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AP: US Slipping In Life Expectancy Ranking

From a delighted Associated Press:

US slipping in life expectancy rankings

By STEPHEN OHLEMACHER, Associated Press Writer Sun Aug 12

WASHINGTON – Americans are living longer than ever, but not as long as people in 41 other countries.

For decades, the United States has been slipping in international rankings of life expectancy, as other countries improve health care, nutrition and lifestyles.

Countries that surpass the U.S. include Japan and most of Europe, as well as Jordan, Guam and the Cayman Islands.

Something’s wrong here when one of the richest countries in the world, the one that spends the most on health care, is not able to keep up with other countries,” said Dr. Christopher Murray, head of the Institute for Health Metrics and Evaluation at the University of Washington.

A baby born in the United States in 2004 will live an average of 77.9 years. That life expectancy ranks 42nd, down from 11th two decades earlier, according to international numbers provided by the Census Bureau and domestic numbers from the National Center for Health Statistics…

Andorra, a tiny country in the Pyrenees mountains between France and Spain, had the longest life expectancy, at 83.5 years, according to the Census Bureau. It was followed by Japan, Macau, San Marino and Singapore.

Researchers said several factors have contributed to the United States falling behind other industrialized nations. A major one is that 45 million Americans lack health insurance, while Canada and many European countries have universal health care, they say…

Among the other factors:

• Adults in the United States have one of the highest obesity rates in the world. Nearly a third of U.S. adults 20 years and older are obese, while about two-thirds are overweight, according to the National Center for Health Statistics…

• Racial disparities. Black Americans have an average life expectancy of 73.3 years, five years shorter than white Americans…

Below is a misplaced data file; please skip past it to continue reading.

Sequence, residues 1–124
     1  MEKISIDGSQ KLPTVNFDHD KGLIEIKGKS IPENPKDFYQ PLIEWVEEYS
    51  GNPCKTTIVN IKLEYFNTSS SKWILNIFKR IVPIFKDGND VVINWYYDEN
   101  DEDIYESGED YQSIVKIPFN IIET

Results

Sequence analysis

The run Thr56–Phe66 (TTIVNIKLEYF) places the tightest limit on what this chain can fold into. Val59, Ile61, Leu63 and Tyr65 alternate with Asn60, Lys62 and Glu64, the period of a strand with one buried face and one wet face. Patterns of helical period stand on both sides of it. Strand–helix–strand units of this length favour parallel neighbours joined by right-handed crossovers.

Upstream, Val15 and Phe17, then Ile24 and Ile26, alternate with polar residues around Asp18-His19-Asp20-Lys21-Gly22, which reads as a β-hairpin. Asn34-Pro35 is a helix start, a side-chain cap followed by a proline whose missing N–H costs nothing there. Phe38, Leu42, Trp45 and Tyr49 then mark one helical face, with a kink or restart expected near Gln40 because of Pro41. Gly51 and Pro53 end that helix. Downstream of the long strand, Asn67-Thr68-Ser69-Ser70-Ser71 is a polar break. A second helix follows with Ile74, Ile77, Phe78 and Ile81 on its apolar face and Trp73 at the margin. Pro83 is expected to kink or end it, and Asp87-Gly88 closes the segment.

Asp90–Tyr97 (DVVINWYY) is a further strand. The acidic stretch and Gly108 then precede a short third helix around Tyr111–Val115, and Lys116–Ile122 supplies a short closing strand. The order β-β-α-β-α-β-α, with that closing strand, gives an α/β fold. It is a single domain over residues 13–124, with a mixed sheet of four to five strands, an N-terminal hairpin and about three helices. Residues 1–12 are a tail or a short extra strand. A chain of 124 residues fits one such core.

• A relatively high percentage of babies born in the U.S. die before their first birthday, compared with other industrialized nations.

Forty countries, including Cuba, Taiwan and most of Europe had lower infant mortality rates than the U.S. in 2004

Murray, from the University of Washington, said improved access to health insurance could increase life expectancy. But, he predicted, the U.S. won’t move up in the world rankings as long as the health care debate is limited to insurance.

Policymakers also should focus on ways to reduce cancer, heart disease and lung disease, said Murray. He advocates stepped-up efforts to reduce tobacco use, control blood pressure, reduce cholesterol and regulate blood sugar.

“Even if we focused only on those four things, we would go along way toward improving health care in the United States,” Murray said. “The starting point is the recognition that the U.S. does not have the best health care system. There are still an awful lot of people who think it does.”

So we aren’t just no longer the tallest nation on earth, but we are not even among the longest lived.

You would think both of these would be counted as good things by the global warming crowd. But no.

And how our watchdog media lap up stories like this, especially since it gives them yet another opportunity to plump for their agenda: free universal health care, more government benefits for minorities, and more government control of our lives.

Oh, and we once again get to hear how much better Cuba is doing than us. (Sure it is.)

And on top of that they get to chide us being too fat. 

Never mind that these figures, just like those about our national stature, have been obviously skewed by the invasion arrival of so many of our short and short-lived neighbors from the south.

We must never mention that.

This article was posted by Steve on Sunday, August 12th, 2007. Comments are currently closed.

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